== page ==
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Friday, January 20, 2017

First impressions: We bought that?

The Mansion on the Hill.
I'm not going to bury the lead here: We bought that? We bought the City Vista apartments just on the north campus border? Are you kidding me? This is the best non-academic news Trinity students have received since the residency requirement jumped from two to three years in the eighties. The 1980's.

There is so much to love about this because it is a bonanza for our students. I am surprised that some students are skeptical, as quoted in the Trinitonian article about this. More on that later.

As someone who has advised student government since 1994 I can tell you that the three-year requirement is routinely raised as an issue by students. I have personally lobbied for a two-year requirement. Our reasons have been different though. As I have toured other campuses it has become increasingly evident that apartment-style living should be offered to our students. Our Board of Trustees and administration has been steadfast. They believe in the ethos of a residential campus and have not wavered. One Board member told me it would be more palatable to build apartments than change the requirement. He wasn't lying.

It is difficult enough to have a three-year requirement, but when the housing options are generally limited to suite style then we are expecting students to live with roommates and meal plans beyond what they would like or can stand.

This has been clear to students for some time and it finally became evident as the recent master planning process unfolded. One of the key recommendations: apartments for older junior and senior students. One of the first questions then, was where? While various options and timelines were tentatively bandied about, there were often drawbacks.

There are no drawbacks to the City Vista apartments.
- They are ready for occupancy this fall. Two days ago we had no apartments and in six weeks students will sign up to live in some incredible spaces.
- They are off-campus but on campus. This will give students a sense of freedom from campus but proximity to events, friends, and facilities. Many students over the years have aid they would love to stay on campus but they want to cook their own meals and have their own bedrooms.
- Students who don't want to live in student apartment housing don't have to. They still have choices elsewhere in town.
- No one has talked yet about the long-term ripple effect. These apartments will likely create more space in our current residence halls for more single rooms for juniors who aren't interested in the apartments.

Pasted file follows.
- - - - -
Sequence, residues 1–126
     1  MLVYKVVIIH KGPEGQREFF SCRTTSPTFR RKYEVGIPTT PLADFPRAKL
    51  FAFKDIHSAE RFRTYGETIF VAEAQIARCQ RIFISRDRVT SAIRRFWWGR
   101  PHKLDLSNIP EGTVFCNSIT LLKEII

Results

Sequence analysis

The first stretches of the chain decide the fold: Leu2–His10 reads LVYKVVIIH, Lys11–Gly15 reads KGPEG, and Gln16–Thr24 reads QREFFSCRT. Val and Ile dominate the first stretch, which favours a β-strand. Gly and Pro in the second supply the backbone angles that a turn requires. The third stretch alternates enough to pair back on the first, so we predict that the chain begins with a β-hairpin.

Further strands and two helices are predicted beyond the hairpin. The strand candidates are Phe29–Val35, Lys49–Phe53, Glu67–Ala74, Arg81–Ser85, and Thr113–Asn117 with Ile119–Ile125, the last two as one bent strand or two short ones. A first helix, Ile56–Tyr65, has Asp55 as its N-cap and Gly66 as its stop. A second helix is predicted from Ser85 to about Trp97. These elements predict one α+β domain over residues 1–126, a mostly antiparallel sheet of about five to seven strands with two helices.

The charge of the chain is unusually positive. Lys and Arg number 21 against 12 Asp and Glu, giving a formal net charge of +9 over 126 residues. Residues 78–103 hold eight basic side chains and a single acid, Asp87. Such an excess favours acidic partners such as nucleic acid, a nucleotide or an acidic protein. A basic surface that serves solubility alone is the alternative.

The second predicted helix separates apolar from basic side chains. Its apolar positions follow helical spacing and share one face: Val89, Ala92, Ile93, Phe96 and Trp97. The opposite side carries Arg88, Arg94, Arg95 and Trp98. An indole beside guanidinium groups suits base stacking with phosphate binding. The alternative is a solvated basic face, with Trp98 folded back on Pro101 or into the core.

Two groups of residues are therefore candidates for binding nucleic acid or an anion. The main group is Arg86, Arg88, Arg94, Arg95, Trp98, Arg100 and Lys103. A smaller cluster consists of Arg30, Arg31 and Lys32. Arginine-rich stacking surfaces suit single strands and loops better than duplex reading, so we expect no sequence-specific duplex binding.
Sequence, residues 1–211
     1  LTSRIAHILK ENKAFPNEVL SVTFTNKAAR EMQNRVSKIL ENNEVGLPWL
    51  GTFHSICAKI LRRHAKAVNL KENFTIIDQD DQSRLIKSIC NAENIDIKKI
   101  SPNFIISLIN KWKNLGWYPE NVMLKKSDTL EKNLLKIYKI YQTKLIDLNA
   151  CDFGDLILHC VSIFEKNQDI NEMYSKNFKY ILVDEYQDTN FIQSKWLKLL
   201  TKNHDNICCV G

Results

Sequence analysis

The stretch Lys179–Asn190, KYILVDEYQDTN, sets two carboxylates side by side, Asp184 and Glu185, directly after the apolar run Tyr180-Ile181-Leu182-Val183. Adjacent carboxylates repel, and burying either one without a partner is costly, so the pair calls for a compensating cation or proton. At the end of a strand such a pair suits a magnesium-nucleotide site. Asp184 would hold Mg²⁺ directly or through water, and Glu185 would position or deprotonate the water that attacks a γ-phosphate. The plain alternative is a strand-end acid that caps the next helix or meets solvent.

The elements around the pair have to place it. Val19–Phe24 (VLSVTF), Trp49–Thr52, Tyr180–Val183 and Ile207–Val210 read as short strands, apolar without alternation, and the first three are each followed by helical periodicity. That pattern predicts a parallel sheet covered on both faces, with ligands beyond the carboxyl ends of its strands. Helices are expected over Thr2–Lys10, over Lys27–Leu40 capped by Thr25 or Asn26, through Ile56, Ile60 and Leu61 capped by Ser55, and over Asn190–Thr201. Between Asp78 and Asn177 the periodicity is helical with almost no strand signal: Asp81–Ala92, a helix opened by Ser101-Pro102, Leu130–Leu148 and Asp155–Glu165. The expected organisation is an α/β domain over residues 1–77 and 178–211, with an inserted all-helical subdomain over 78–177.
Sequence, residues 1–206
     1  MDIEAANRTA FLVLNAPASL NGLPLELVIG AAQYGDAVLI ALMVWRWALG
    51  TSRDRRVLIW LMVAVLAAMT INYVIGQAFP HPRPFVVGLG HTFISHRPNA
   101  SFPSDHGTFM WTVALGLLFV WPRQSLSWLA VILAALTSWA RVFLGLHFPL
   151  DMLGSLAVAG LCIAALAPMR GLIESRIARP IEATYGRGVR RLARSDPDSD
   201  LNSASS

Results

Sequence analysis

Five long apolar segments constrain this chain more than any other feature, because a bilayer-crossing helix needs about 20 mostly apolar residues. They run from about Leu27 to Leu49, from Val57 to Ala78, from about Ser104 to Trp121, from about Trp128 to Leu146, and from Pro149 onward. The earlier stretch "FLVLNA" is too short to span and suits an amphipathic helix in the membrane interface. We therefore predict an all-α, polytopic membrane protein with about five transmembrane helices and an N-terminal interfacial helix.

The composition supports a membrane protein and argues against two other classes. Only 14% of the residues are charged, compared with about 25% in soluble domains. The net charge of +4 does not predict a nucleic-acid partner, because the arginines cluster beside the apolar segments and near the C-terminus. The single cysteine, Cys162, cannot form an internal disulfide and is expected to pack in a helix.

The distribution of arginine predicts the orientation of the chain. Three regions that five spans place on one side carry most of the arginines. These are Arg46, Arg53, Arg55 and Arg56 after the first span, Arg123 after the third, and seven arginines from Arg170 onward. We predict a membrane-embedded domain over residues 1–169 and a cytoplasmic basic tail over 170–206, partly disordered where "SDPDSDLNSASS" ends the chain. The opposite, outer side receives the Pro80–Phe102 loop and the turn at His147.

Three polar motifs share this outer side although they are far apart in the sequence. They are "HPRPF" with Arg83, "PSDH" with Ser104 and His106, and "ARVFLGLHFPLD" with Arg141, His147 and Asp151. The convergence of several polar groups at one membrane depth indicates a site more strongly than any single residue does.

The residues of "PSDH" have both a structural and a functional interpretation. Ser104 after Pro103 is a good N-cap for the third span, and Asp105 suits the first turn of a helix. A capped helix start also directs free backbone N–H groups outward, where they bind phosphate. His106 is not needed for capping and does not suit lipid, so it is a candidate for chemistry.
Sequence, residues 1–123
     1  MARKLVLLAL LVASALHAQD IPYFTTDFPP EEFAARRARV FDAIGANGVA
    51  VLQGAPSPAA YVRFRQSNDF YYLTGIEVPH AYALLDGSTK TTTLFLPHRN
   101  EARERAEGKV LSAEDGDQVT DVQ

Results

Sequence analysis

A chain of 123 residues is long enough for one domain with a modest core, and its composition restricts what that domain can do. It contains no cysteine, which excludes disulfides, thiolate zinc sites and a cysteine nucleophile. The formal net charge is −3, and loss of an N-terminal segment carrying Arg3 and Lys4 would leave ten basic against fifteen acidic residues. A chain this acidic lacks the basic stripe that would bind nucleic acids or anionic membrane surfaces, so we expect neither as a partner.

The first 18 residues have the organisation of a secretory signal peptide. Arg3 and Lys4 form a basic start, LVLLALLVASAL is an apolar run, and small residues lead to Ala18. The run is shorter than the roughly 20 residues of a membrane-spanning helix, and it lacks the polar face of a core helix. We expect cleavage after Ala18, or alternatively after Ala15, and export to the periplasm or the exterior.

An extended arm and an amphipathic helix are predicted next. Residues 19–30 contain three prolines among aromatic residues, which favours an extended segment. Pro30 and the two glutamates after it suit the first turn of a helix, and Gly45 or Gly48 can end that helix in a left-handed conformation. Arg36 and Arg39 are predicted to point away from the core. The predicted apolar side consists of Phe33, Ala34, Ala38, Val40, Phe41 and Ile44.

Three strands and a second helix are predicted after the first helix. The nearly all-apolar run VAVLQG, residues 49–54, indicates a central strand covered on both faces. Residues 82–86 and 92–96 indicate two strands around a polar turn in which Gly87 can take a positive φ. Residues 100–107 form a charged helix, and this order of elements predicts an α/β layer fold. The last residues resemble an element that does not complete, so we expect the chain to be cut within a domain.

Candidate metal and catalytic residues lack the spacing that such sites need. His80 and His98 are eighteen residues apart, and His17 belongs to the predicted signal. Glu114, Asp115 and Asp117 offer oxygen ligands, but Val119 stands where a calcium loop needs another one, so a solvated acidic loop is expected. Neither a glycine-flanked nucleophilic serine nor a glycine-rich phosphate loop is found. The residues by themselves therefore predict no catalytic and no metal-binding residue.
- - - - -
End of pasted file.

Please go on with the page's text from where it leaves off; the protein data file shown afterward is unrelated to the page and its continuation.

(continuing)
- We are now competitive in the housing market with other institutions. We have outstanding apartment options that our current and new students can look to as they see their future here.

Some of the early criticisms (see aforementioned article) are vexing. Some students have expressed concerns that seem incongruent. On the one hand they don't want Trinity University to be intrusive and manage the apartments as residences, while on the other they don't trust students to take care of these apartments and not be disruptive to others.

I ask those students to keep open minds about this and use our current program to inform our thoughtful approach. We have designed our junior and senior housing to allow for more autonomy. Instead of Resident Assistants or Resident Mentors we employ Hall Managers at a ratio of about one staff member to 100 residents. They are trained to mostly be hands-off on conduct issues (except for blatant violations) and building community is not emphasized as much as in the first year area and Sophomore College as we know that many have their own networks already.

Of course there are many questions yet to be answered about management, pricing, oversight, and staffing. Give us a chance. So many campuses manage and maintain apartments effectively that I have no doubt that the outstanding leadership and staff in Residential Life and across campus will figure this out. Work with them and through student government to help set this up for success.

We bought that? How awesome! This has brought years of student, staff, and board conversation to fruition. For whatever reason, fate dropped this opportunity and this facility at our door step. Kudos to the board and the administration to act on this. It was a bold move. It is good for our campus and great for our students. We bought that. You should too.

Take the poll (upper right)with your thoughts.

1 comment:

Jennifer Fox said...

I think this is fantastic. As an out of state parent I don't even want to think about how to furnish off campus housing in the future. I think this is a great option and I absolutely love the location. In addition, I think the ripple effect that you mentioned is significant. Thanks for your insights.